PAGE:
By Pet Melliza/ The Beekeeper
What would happen if the Social Security System (SSS) stopped collecting contributions from members?
That’s not a problem, answers Rep. Neri Colmenares (Bayan Muna Partylist). “Even if it stops collecting, the SSS has cash on hand that can enable it to pay pensioners until the next 40 years,” he told participants in two fora here last July 7 at the Iloilo Provincial Capitol, Iloilo City.
Colmenares met with SSS retirees to discuss House Bill 4365 which he co-authored with Rep. Teddy Casino, also of the same partylist. The proposed measure seeks to raise the minimum monthly pension from P1,200 to P7,000.
“That’s typical of the SSS,” notes Colmenares. “When we apply for loans or increased pensions, SSS will just plead lack of funds.” The amount of P1,200 is insufficient to buy a sack of rice of 50 kilos.
We were taking pictures of the gathering, at the ground lobby of the Iloilo Capitol and our attention got caught on the huge assets in the hands of a government insurance corporation that scrimps to provide benefits that its owners, private employees, self-employed individuals and retirees, truly deserve.
Colmenares’s revelation is good news: even if it stopped collecting, the SSS can still pay its members until the next 40 years. Further, it has uncollectibles reaching P90 billion, courtesy of employers who fail to remit the premiums collected from their employees.
Non-remittance of premium by an employer is punishable by a fine ranging from P5,000 to P20,000 maximum or jail term of six months to 12 years (Section 28 (c), RA 8282).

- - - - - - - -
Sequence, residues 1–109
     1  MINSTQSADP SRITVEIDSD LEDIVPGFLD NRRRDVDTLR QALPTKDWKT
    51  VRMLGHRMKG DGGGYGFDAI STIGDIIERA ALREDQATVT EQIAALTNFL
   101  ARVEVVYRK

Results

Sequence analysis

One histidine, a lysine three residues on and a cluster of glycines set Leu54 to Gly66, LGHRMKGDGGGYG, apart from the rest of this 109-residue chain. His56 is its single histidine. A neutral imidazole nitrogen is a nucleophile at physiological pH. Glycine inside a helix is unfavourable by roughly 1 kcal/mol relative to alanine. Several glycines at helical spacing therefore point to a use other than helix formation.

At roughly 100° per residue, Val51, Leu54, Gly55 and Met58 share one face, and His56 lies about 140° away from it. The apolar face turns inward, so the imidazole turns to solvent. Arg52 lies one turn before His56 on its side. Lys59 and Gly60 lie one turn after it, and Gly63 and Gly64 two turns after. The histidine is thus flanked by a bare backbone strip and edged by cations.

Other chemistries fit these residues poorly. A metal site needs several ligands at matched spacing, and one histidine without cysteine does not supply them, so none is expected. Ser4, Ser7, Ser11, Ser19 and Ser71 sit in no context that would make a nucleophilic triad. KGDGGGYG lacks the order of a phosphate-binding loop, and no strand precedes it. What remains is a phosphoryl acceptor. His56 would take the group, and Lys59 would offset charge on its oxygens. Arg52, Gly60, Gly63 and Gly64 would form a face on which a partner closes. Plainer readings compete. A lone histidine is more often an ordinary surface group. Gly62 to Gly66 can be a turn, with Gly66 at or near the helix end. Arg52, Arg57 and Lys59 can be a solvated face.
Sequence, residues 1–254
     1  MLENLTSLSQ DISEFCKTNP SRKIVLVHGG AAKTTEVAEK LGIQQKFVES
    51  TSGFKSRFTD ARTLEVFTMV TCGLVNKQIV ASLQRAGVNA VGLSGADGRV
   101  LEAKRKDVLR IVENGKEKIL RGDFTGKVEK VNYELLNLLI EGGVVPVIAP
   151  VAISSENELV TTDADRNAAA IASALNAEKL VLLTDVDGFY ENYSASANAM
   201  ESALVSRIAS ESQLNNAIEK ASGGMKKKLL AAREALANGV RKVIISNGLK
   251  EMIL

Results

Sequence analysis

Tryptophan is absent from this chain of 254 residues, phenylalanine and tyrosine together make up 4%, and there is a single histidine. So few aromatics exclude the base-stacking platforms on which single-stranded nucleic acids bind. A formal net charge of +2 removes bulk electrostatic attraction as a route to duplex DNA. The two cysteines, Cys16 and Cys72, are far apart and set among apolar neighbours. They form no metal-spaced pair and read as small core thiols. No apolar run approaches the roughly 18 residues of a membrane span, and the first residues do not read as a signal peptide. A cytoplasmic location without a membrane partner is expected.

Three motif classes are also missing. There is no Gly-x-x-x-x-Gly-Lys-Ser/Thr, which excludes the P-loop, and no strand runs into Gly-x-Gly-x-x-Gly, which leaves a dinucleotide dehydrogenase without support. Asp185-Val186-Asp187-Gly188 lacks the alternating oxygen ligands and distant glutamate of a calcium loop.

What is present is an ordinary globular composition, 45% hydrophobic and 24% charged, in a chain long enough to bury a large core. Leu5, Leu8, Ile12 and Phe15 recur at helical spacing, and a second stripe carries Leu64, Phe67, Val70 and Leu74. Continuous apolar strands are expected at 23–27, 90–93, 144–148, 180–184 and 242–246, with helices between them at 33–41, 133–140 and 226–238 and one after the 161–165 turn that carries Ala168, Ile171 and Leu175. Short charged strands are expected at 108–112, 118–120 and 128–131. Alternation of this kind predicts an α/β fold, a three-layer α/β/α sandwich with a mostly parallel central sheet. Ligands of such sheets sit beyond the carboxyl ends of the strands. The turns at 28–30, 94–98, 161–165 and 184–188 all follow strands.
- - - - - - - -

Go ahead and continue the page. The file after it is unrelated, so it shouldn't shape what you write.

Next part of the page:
Afternoon of July 17, the Bayan Muna solon met with Iloilo barangay officials and discussed on HB 5637 that seeks to expand the coverage of the Government Service Insurance System (GSIS) to the barrio captain and members of the sangguniang barangay, and the barangay treasurer and secretary. Their contributions are to be augmented by funds from the barangay, municipal and provincial funds, and the General Appropriations Act. The proposed law though does not alter the emoluments due the barangay officials which RA 7160 classifies as honorariums, not salaries.
Colmenares and Casino co-author HB 5637. At least, we have working legislators who busy themselves introducing relevant policies and not petty matters like renaming streets and schools.
Manuel “Boy” Mejorada, TV and radio anchor, shares common traits with partners Kamlon Ang and Ibrahim Calanao who co-anchor the sitcom “Ukay-Ukay” over Aksyon Radyo from 11 to 12 noon every Sunday.
Mejorada and the pair have political advocacies, biases, if you may as they present to listeners what governance and politics should be, to be more specific, who deserve support by the electorate.
All three have the gift of gab to argue on the set of facts they present. If their respective programs cause a stir, or as the adage puts it, “comfort the afflicted and afflict the comfortable”, it’s the result of their rich experience in establishing rapport with the crowd.
Something amuses me though with the block time of Kamlon and Ibrahim. Instead of having one full hour on board, in more cases than not, their elbow room gets constricted by 30 minutes as a politico gets on air ahead. In some cases, they have only 15 – 20 minutes left.
The guy just rattles off names and places, and nice things about this-what and good news on that-who but misses the raison d’etre why one is “on board”, that is, the purpose of political broadcasting which is to raise issues in order to sell a platform or a person advocating that platform.
The guy is pathetic. He mentions all and everything but in the process speaks of nothing at all because all he does is let off torrents of greetings and dropping names of “(ig)soon secretary” and “maninoy senator”, then toward the end, fires his endless stream of bye-byes.
He sounds anticlimactic. For example: “Dali na lang matapos aton programa, apang antes anay kita magbulagay, ginatamyaw ko anay sila ni…” and there goes again his stream of hellos. He is not leaving yet but just restarting another round of kilometric greetings and mentioning of names, ad eternam forgetting that simplicity, brevity, sharpness and clarity of stand and analysis, still remain top virtues in effective communication.